Remnants of a star exploded 340 years ago photographed by NASAtext_fields
Washington: The James Webb Space Telescope has discovered yet another gem in the sky. The remnants of a massive star that exploded around 340 years ago have been found. The never-seen-before clicks belong to Cassiopeia A (Cas A), which offers unique clues into a star's death.
NASA said that Webb astronomers may learn more about the origins and production of cosmic dust from the remnants of Cas A. The elements we are made of come from cosmic dust. What makes the images special is that they belong to the youngest known remnant from an exploded, massive star in the Milky Way galaxy.
This is not the first time scientists are focusing on Cas A. It belongs to the prototypical type of supernova remnant and has been extensively studied.
The American space agency shared the vibrant image on Instagram and wrote, "Webb’s powerful infrared eye has captured never-before-seen detail of Cassiopeia A (Cas A), the remnant of a massive star that exploded about 340 years ago — from our perspective on Earth. (Despite being 11,000 light-years away, this supernova may have been visible to the naked eye, something that has not been seen in our galaxy since.)"
The caption was titled, "Stars: always making a dramatic exit!"
Describing the image in detail, NASA wrote, "The outer layers of the image (shown in orange) mark where ejected material from the exploded star is ramming into surrounding gas and dust. Within that outer shell is material from the star itself, including elements like oxygen, argon, and neon. What’s that green loop on the right? Scientists are still puzzled over its unexpected shape and complexity."
Another description of the colour and structure of the image said, "a circular-shaped nebula with a complex structure. On the circle’s exterior, particularly on the left side of the image, are curtains of material glowing orange like fire. Interior to this outer shell is a ring of mottled filaments in bright pink, studded with clumps and knots. A greenish loop extends from the upper right of the ring into the central cavity. Translucent wisps of blue, green, and red appear throughout the image."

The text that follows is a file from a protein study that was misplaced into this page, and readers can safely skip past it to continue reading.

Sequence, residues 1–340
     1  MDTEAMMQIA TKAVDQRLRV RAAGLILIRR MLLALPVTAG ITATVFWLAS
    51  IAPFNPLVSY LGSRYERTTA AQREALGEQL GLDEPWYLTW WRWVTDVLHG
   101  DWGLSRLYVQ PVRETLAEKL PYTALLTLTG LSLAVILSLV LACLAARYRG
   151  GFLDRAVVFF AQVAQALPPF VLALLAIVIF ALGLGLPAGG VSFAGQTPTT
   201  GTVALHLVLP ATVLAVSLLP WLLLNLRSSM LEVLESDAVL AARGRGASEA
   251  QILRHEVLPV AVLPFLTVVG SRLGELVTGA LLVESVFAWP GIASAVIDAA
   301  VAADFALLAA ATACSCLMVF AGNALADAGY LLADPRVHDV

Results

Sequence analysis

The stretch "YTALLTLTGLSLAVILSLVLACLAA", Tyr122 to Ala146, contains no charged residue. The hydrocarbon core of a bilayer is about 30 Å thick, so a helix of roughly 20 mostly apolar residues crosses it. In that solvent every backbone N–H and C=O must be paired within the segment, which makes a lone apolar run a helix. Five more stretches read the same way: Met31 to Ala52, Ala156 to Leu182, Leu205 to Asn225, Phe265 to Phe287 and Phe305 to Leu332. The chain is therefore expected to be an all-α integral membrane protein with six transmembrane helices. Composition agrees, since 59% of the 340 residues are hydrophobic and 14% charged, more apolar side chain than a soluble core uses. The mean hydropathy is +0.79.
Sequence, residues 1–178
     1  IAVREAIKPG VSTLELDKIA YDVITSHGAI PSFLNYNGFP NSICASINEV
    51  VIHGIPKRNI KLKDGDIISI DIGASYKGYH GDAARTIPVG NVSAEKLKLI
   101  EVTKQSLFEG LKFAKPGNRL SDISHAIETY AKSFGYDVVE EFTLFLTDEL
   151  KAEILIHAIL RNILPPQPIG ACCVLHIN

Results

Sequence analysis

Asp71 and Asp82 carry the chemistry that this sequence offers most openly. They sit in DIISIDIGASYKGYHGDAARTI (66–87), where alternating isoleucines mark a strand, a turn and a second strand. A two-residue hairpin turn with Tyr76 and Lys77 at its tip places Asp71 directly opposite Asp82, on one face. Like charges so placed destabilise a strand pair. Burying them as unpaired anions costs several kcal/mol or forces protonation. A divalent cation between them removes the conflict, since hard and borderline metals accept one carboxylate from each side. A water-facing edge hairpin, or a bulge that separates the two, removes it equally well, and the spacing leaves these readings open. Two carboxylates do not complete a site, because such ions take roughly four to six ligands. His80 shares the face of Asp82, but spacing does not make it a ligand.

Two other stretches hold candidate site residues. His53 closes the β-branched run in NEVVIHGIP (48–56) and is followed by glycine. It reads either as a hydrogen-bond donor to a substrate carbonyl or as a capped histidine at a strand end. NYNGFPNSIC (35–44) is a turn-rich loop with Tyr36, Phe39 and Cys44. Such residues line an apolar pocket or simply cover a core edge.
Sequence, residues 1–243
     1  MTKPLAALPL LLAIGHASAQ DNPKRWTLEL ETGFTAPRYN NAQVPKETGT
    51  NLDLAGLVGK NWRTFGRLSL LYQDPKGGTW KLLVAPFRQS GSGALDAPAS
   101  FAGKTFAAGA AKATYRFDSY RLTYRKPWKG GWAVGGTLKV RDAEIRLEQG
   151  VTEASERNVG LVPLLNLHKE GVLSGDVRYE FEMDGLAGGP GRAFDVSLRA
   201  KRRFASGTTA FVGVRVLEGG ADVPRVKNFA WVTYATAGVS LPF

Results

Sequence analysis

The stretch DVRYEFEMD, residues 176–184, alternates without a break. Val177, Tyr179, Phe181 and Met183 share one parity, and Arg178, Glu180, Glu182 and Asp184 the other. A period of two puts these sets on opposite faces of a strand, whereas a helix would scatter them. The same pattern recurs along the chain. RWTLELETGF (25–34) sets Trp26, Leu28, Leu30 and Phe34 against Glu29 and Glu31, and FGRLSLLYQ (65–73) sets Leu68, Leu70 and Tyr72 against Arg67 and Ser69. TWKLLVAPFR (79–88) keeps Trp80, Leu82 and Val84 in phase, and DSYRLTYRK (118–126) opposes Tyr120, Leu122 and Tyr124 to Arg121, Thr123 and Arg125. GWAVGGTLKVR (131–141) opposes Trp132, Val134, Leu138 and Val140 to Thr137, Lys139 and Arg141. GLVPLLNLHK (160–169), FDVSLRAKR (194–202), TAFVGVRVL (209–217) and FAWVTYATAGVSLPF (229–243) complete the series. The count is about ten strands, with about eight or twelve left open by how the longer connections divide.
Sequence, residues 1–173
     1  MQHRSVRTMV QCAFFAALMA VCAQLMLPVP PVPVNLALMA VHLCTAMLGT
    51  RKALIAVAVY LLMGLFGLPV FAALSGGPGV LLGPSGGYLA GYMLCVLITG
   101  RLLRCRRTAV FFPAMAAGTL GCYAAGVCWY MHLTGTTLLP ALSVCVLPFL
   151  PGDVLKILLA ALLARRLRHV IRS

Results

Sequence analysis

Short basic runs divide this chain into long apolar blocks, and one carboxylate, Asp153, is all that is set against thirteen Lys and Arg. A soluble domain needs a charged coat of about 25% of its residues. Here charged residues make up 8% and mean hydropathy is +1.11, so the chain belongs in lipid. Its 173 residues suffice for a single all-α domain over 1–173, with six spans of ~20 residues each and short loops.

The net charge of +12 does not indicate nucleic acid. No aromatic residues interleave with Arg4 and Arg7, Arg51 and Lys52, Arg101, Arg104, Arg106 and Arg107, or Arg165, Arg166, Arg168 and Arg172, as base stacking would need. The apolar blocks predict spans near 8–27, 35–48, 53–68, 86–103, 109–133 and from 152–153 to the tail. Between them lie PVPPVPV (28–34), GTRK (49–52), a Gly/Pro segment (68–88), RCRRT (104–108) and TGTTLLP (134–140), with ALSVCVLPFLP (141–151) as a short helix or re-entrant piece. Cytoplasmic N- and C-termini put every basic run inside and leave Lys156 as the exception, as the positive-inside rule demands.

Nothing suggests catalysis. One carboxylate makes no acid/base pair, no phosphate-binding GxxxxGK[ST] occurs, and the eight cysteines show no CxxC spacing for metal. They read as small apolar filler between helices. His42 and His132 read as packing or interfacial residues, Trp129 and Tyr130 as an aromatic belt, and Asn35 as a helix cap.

A press release from NASA said that Cas A is the youngest remnant of a massive star in the Milky Way galaxy known to mankind. "It offers a peek into the supernovae phenomenon and its complexities."
Danny Milisavljevic of Purdue University who read the programme said, "Cas A represents our best opportunity to look at the debris field of an exploded star and run a kind of stellar autopsy to understand what type of star was there beforehand and how that star exploded." "By understanding the process of exploding stars, we're reading our own origin story. I'm going to spend the rest of my career trying to understand what's in this data set," he added.
Co-investigator Tea Temim of Princeton University added that these images provide incredible details that scientists have not been able to access before.